Pubdate: Wed, 10 Dec 2003
Source: Kentucky Post (KY)
Copyright: 2003 Kentucky Post
Author: Shelly Whitehead


FOP Vote Still On Schedule

With hundreds of police officers set to consider a vote of no
confidence against Kenton County Commonwealth Attorney Bill Crockett
tonight, the much-rebuked prosecutor met for hours Tuesday with
Covington's police leadership. The meeting was an attempt to address
concerns officers have with Crockett's office.

Sgt. Bryan Allen, president of Covington FOP Lodge No. 1, said he and
Covington Police Chief Tom Schonecker spent nearly four hours with

Allen said the meeting evolved out of a conversation last weekend
between Crockett and Schonecker about officers' growing lack of faith
in the commonwealth attorney's performance.

Last Friday, Allen announced that Covington FOP members planned to ask
members of Kenton County's four other FOP lodges to join them in a
public censure of Crockett. With more than 100 officers, Covington has
the largest FOP Lodge in the county.

Covington police have said they are troubled by a perceived trend by
the commonwealth attorney's office to reduce or drop felony charges
against suspects.

Police also have said that Crockett's office often takes too long to
prepare a case for trial or is ill-prepared to prosecute a case once
it goes to court.

The prosecutor, elected three years ago over long-time incumbent Don
Buring, also has been criticized often from the bench by the county's
four circuit judges  for similar reasons.

"I think we both agreed a lot of the problem was communication to
officers,"Allen said after Tuesday's marathon session. "He (Crockett)
said he has some plans to better this. ... He was receptive to what
officers had to say.

"He's looking at doing some changes in the way preliminary hearings
are done ... and getting an easier way to communicate with the
officers. So it was a productive meeting."

Allen said he brought five recent cases investigated by Cov-ington
officers to the meeting to represent the concerns police have with
Crockett's handling of some cases.

Allen said Crockett showed a "willingness" to resolve problems with
police, largely by improving communication with officers about shared

Crockett said the meeting went well. "We discussed a bunch of things.
- -- I think it went well."

Crockett said the chief called him and arranged the

"It was a cordial meeting," Crockett said. "I explained my position;
they explained theirs. Professionally, we agreed to disagree. It
wasn't confrontational. There was no anger. There was no shouting. I
think it went very well."

Crockett's approval of a plea deal for a soldier who led police on a
drunken, crash-ridden pursuit through Covington Nov. 29 prompted the
Covington police to begin organizing to act against the prosecutor's

Tonight, Covington FOP Lodge No. 1 members will decide whether to
issue a vote of no confidence in Crockett's abilities to perform the
job of the county's chief prosecuting attorney for the most serious
felony crimes.

Leaders for the four other Kenton County FOP lodges representing
officers in departments countywide will attend that meeting and are
expected to recommend that their members vote in unison with Covington
FOP members on the issue.

Allen said he believes the vote will still occur tonight and likely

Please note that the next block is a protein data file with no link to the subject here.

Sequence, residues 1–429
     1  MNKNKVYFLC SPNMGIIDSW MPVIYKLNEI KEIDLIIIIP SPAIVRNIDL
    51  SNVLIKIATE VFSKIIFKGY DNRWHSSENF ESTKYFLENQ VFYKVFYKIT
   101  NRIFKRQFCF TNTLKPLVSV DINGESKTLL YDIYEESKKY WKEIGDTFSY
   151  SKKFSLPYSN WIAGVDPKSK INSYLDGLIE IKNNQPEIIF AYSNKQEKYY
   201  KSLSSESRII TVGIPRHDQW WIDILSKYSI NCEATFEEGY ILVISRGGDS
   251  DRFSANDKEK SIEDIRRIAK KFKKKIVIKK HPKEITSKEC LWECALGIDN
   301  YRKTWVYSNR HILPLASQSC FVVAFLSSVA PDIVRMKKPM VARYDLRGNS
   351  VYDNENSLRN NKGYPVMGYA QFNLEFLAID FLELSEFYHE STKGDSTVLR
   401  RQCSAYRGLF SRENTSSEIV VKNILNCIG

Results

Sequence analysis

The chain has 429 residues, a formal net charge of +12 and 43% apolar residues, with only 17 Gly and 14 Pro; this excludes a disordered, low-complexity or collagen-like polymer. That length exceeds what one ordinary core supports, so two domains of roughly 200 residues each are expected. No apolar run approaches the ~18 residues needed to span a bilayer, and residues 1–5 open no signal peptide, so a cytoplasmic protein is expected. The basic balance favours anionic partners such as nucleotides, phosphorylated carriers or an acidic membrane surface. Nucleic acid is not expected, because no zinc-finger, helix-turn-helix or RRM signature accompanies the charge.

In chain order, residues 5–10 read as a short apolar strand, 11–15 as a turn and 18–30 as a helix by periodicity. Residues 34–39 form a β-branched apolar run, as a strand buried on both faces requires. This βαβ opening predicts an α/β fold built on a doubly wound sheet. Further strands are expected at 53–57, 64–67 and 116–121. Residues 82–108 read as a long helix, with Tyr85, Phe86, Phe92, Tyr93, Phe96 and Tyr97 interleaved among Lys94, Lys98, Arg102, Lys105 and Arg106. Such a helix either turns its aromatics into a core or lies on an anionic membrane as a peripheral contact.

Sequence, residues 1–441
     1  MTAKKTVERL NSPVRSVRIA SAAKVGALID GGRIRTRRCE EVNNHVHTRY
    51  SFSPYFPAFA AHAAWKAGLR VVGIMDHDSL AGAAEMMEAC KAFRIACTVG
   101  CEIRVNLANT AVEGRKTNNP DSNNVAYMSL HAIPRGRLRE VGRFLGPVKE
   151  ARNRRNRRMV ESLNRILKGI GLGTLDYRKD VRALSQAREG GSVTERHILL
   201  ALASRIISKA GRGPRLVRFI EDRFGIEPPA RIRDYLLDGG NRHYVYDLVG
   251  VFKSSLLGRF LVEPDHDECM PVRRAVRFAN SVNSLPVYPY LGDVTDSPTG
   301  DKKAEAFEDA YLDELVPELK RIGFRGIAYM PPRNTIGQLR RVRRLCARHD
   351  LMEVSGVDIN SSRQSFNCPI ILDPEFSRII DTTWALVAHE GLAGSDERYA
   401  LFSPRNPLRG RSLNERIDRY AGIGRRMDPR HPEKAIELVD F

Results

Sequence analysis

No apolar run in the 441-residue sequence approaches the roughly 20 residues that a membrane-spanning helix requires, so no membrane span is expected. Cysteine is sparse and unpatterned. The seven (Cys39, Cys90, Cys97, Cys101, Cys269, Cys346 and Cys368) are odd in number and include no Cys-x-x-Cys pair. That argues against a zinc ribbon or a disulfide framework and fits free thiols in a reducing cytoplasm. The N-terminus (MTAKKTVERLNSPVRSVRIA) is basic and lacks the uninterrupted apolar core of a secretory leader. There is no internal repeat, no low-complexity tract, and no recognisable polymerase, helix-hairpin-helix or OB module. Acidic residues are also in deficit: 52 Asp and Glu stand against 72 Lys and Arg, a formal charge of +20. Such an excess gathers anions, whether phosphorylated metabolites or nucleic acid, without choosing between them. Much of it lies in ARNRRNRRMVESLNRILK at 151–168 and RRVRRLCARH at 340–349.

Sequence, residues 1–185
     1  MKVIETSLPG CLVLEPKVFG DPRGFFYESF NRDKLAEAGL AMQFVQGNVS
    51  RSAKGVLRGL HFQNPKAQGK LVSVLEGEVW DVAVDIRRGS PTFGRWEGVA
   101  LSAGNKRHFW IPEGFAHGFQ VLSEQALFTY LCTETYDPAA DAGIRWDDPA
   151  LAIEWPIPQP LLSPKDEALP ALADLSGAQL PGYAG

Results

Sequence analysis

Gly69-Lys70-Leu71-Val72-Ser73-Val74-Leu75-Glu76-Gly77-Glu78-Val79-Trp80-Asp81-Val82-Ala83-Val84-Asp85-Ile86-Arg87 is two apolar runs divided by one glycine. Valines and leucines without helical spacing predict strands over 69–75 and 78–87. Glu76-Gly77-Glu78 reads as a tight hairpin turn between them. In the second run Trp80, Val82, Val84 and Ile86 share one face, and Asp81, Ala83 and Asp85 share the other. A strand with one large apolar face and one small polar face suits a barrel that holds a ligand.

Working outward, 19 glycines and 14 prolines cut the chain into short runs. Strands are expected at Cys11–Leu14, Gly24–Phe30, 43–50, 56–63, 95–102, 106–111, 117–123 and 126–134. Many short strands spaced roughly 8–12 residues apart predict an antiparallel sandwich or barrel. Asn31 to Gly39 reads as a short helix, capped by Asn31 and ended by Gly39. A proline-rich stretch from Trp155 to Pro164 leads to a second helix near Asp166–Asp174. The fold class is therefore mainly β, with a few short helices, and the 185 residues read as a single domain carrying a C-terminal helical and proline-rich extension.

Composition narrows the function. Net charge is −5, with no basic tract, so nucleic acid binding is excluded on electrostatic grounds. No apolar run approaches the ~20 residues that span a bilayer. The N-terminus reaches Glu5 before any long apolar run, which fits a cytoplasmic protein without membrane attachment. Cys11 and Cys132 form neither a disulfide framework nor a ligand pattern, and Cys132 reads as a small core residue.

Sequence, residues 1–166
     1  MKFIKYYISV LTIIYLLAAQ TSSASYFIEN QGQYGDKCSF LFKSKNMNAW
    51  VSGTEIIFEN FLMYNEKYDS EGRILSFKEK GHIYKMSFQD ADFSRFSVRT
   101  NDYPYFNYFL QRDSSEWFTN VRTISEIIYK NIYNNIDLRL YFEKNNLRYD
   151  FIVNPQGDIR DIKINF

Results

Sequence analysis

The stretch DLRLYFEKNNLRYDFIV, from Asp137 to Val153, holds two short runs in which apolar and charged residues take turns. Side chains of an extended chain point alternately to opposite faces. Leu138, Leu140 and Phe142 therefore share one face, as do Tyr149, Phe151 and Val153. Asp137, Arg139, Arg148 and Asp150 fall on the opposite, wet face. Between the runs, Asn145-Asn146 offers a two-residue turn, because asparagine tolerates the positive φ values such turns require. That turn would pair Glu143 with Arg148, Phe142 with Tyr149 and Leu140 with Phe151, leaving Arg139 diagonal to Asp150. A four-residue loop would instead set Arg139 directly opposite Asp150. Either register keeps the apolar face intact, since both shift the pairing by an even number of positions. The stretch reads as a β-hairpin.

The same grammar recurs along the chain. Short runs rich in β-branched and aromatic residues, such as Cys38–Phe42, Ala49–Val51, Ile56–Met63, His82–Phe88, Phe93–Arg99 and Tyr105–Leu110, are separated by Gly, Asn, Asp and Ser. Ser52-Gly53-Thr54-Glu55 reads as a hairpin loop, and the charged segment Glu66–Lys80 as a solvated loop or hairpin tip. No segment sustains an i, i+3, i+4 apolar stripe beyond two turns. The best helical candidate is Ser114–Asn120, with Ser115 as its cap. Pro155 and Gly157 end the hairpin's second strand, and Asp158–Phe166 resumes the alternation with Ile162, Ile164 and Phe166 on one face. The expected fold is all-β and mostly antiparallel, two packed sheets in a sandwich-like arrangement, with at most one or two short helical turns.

will result in the vote of no confidence. However, after Tuesday's
meeting, he said it's possible police will make their rebuke
conditional on Crockett's promised improvements coming to fruition.

"This can be destructive or constructive," Allen said. "If we (issue)
a vote of no confidence, we can also be willing to give these changes
he proposed time to take effect. ...

"If they don't occur, we will proceed with further action ... like
approach the state FOP, approach the Attorney General's office.

"The goal of both parties after this meeting is how to best serve the
public. ... I see willingness from Crockett's office to work with us.
. "If we can turn this into better communication with the
prosecutor's office and better prosecution of cases, then everybody

In addition to the police and judge's concerns with Crockett's office,
a special prosecutor, Commonwealth Attorney George Moore of Montgomery
County has been named to review the Kentucky State Police
investigation of the office in connection with cash-for-reduced-charges
offers improperly extended by the Ludlow police.

Moore, appointed by the attorney general's office to look into the
Ludlow matter and any other practices he deems necessary, could not be
reached for comment Tuesday. County offices were closed for the
inauguration of Gov. Ernie Fletcher.

After their meeting with Schonecker, Crockett and Allen met privately.
Crocket was asked to look into and explain five cases from the past
year or so. Crockett agreed to do so, but would not say what cases or

Crockett said he plans to change some procedures in the near future to
give police more input into their cases, but will require more work
from them.

Crockett also said he doesn't expect Tuesday's meeting to change the
FOP's plan tonight.

He said doesn't bother him because he doesn't believe a majority of
police would agree with the FOP. He noted there are 17 police
departments in Kenton County he must deal with, and he's not going to
make everyone happy.

"I'm not going up there unless I am asked to explain things. I will
address them about an issue if there's any issue they want to talk
about. But they're going to do what they're going to do. There's a
whole lot more respect for me in the system than you would think from
what's out there."
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MAP posted-by: Larry Seguin